Thursday 22 February 2018

Off the Ball: Tennis must stick with equality ethos

Serena Williams returns serve as she loses to Victoria Azarenka in the final at Indian Wells. Photo: Harry How/Getty Images
Serena Williams returns serve as she loses to Victoria Azarenka in the final at Indian Wells. Photo: Harry How/Getty Images

Michael McCarthy

So last weekend Novak Djokovic suggested men should be paid more than women. Cue the usual uproar, followed by the usual uproar to the uproar.

In the defence of Djokovic came the cry of "fair enough" from usually reasonable commentators. After all, men attract more viewers to tennis - of course they should be paid more. In their world, the economics of cold hard business wins out every day.

But this isn't just business. This is sport. It should be about more than numbers. Isn't that what we crave for as sports fans? Don't we want sport to mean more than just business realities? We obviously understand that this is rarely the case, but even still, encouraging sexist pay systems in sport because of business realities is hardly the work of sports journalists.

It's a bit utopian to suggest that all women playing at a top level of their game should be paid what their male counterparts get. It's obviously never going to happen. In most sports, it's not even going to get close. But when one sport attempts to have a level playing field, why are they getting lambasted for it?

Tennis has been amongst the most progressive of sports in this regard. The women's game almost gets put on an equal footing. And for the most part, it has deserved to be. In the 1990s for example, I was more interested in the rivalry of Steffi Graf and Monica Seles than in the domination of Pete Sampras.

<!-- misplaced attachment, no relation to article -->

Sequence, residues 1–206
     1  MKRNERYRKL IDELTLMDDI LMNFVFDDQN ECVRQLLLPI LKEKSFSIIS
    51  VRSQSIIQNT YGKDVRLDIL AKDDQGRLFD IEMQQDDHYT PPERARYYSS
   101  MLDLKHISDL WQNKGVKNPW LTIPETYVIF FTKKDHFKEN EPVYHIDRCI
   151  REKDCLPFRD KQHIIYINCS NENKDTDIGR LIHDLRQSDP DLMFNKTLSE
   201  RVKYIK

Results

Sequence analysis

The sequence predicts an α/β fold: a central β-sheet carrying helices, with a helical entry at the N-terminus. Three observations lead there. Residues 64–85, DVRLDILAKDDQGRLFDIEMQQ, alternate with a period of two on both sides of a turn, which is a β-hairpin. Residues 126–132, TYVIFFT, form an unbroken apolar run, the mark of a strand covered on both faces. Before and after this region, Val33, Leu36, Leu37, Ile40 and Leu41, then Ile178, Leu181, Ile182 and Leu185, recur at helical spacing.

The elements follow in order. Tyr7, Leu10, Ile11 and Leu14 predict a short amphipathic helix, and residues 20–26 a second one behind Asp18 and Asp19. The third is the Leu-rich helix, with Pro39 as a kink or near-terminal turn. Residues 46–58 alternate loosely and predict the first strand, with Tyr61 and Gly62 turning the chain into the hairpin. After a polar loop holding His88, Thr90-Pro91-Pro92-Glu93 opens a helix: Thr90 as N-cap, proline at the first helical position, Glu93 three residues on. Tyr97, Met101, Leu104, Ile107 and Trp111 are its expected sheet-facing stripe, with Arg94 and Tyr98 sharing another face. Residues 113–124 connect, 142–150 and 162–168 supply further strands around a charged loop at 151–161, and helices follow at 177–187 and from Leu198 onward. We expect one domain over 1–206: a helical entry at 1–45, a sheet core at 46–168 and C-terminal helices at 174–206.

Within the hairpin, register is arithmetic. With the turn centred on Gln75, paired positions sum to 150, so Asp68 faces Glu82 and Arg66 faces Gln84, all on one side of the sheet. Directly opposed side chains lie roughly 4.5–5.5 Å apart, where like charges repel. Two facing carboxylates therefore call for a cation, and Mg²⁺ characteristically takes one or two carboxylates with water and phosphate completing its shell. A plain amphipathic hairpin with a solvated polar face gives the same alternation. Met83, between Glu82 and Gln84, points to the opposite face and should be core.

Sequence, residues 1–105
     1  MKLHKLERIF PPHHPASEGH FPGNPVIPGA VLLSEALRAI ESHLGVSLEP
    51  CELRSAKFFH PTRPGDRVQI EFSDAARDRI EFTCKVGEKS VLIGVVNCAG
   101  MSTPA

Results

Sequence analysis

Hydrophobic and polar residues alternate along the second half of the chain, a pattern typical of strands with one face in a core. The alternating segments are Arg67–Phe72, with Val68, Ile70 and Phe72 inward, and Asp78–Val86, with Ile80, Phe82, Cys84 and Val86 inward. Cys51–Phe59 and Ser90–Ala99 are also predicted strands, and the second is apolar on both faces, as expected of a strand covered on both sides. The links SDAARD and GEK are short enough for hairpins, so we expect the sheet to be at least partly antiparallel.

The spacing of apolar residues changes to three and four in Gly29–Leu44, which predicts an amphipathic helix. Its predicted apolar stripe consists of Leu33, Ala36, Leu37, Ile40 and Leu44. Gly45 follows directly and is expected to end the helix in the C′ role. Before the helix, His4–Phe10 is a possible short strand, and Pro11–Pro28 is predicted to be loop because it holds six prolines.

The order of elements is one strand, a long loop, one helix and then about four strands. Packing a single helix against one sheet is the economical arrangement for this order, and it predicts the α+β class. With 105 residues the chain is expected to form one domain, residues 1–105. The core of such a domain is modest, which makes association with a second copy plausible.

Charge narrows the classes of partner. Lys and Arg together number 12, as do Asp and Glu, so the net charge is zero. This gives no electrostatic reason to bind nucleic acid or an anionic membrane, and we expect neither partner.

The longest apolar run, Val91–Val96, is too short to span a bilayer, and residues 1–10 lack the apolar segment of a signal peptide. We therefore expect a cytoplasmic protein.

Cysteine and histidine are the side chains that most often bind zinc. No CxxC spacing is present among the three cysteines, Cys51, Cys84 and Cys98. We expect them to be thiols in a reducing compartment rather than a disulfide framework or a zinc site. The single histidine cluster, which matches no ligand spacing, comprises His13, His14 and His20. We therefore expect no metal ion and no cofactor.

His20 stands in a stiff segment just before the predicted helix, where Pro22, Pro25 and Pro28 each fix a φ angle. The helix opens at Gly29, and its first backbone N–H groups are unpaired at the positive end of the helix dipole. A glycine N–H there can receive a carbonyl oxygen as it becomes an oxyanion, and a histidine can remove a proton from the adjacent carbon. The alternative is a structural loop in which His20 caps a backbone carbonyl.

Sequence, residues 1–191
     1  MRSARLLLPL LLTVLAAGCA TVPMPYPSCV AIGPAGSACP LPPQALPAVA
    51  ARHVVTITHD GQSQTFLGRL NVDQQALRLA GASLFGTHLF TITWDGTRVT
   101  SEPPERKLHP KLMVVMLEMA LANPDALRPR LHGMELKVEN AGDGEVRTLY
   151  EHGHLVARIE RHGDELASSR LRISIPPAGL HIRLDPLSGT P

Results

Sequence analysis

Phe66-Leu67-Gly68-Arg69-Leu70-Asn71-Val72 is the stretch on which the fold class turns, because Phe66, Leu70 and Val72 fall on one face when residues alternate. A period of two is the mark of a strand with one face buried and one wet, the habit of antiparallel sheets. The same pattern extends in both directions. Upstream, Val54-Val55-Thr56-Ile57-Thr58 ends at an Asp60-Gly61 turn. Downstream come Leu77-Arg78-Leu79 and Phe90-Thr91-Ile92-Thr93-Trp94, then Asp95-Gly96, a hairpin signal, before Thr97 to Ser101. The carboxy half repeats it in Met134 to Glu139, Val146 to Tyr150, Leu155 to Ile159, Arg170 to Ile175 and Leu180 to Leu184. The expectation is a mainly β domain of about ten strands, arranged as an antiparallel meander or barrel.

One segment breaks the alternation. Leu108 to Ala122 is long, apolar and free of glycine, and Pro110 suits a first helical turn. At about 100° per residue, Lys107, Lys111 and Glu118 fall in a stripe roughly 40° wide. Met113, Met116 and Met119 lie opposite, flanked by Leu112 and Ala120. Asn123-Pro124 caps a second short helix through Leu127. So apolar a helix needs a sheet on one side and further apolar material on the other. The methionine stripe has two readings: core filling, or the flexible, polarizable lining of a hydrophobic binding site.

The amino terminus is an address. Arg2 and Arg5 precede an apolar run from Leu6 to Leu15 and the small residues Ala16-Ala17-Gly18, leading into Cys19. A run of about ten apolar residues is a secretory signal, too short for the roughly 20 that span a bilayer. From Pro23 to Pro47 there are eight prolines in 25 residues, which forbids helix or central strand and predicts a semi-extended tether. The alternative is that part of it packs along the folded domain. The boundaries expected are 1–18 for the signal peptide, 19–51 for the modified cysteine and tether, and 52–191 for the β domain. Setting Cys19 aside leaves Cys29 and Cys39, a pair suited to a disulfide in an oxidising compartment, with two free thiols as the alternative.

Things change. Serena Williams has won any time she felt like it for over a decade while we've had a true golden age in the men's game. It's swings and roundabouts.

Would the men be as quick to look for less if the women's game was dominating viewership? Doubtful. Would their finals still be on Sunday after the women play on Saturday? Of course they would. Novak Djokovic is hardly suffering from Wimbledon paying Serena Williams as much as him for winning the same tournament. His money is mainly made through endorsements anyway. If the market decides the women's game isn't worth as much, they won't lose much of that pie.

In workplaces all over the world, women are paid less than men. If you ask business owners why, they'll have a million excuses. People don't decide to do this. It's part of a corrupted system. Active steps can be taken to redress the balance. Divisive, retrograde decisions about prize money in tennis are not the way forward.

Women's sport has much bigger problems than this. Gaining even partial equity is near impossible in a lot of our most popular sports. Surely it's not the time to take it away in one of the few that treat them with respect.

Irish Independent

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